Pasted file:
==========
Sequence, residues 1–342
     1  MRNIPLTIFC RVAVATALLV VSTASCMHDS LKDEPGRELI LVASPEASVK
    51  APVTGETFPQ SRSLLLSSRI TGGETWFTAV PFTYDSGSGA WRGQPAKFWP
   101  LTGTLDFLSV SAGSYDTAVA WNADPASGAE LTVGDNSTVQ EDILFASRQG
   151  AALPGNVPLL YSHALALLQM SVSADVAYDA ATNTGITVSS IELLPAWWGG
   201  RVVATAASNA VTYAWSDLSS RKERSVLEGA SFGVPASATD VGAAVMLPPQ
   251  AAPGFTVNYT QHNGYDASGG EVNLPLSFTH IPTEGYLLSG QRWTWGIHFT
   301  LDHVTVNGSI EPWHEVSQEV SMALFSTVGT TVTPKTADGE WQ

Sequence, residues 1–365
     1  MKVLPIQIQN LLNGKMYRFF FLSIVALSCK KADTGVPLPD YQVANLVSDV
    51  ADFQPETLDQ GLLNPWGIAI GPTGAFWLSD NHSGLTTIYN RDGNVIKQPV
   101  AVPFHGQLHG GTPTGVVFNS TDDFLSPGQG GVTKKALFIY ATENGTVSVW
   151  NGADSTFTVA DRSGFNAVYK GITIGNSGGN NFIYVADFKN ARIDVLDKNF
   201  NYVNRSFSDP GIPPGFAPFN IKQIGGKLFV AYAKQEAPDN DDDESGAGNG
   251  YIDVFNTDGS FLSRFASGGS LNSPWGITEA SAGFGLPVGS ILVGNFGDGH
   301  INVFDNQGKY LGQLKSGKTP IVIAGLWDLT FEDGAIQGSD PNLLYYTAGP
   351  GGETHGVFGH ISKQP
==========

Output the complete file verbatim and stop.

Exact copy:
Sequence, residues 1–342
     1  MRNIPLTIFC RVAVATALLV VSTASCMHDS LKDEPGRELI LVASPEASVK
    51  APVTGETFPQ SRSLLLSSRI TGGETWFTAV PFTYDSGSGA WRGQPAKFWP
   101  LTGTLDFLSV SAGSYDTAVA WNADPASGAE LTVGDNSTVQ EDILFASRQG
   151  AALPGNVPLL YSHALALLQM SVSADVAYDA ATNTGITVSS IELLPAWWGG
   201  RVVATAASNA VTYAWSDLSS RKERSVLEGA SFGVPASATD VGAAVMLPPQ
   251  AAPGFTVNYT QHNGYDASGG EVNLPLSFTH IPTEGYLLSG QRWTWGIHFT
   301  LDHVTVNGSI EPWHEVSQEV SMALFSTVGT TVTPKTADGE WQ

Sequence, residues 1–365
     1  MKVLPIQIQN LLNGKMYRFF FLSIVALSCK KADTGVPLPD YQVANLVSDV
    51  ADFQPETLDQ GLLNPWGIAI GPTGAFWLSD NHSGLTTIYN RDGNVIKQPV
   101  AVPFHGQLHG GTPTGVVFNS TDDFLSPGQG GVTKKALFIY ATENGTVSVW
   151  NGADSTFTVA DRSGFNAVYK GITIGNSGGN NFIYVADFKN ARIDVLDKNF
   201  NYVNRSFSDP GIPPGFAPFN IKQIGGKLFV AYAKQEAPDN DDDESGAGNG
   251  YIDVFNTDGS FLSRFASGGS LNSPWGITEA SAGFGLPVGS ILVGNFGDGH
   301  INVFDNQGKY LGQLKSGKTP IVIAGLWDLT FEDGAIQGSD PNLLYYTAGP
   351  GGETHGVFGH ISKQP